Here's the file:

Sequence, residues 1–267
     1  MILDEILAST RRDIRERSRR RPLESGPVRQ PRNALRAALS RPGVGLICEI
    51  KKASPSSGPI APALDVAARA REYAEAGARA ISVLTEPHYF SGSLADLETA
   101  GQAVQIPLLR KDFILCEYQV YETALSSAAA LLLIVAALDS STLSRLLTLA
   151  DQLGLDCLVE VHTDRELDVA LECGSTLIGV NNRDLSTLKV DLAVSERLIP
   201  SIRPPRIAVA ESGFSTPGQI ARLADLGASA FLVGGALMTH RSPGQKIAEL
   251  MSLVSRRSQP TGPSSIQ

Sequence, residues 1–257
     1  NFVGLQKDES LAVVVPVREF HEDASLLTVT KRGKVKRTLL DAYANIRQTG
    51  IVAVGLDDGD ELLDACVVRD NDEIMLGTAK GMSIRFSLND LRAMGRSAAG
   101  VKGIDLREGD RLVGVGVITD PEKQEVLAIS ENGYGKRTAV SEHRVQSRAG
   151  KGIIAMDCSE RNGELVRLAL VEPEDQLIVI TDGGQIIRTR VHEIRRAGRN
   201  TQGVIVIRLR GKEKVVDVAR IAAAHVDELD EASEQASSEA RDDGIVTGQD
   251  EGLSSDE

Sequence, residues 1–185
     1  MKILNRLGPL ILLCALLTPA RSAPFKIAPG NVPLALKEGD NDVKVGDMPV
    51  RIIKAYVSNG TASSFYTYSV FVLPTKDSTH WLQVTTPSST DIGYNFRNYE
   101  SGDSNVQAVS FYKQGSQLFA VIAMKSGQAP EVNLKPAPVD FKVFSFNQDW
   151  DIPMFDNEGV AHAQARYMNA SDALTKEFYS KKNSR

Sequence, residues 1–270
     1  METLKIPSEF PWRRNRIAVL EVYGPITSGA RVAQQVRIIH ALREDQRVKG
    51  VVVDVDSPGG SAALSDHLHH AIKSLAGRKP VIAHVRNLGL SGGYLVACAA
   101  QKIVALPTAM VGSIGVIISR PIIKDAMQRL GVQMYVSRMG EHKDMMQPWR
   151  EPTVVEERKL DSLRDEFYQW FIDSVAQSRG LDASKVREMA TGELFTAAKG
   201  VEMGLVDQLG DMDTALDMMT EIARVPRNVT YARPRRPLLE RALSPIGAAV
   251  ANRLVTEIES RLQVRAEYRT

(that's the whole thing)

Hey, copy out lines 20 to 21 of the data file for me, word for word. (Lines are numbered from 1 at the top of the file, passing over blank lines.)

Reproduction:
Sequence, residues 1–270
     1  METLKIPSEF PWRRNRIAVL EVYGPITSGA RVAQQVRIIH ALREDQRVKG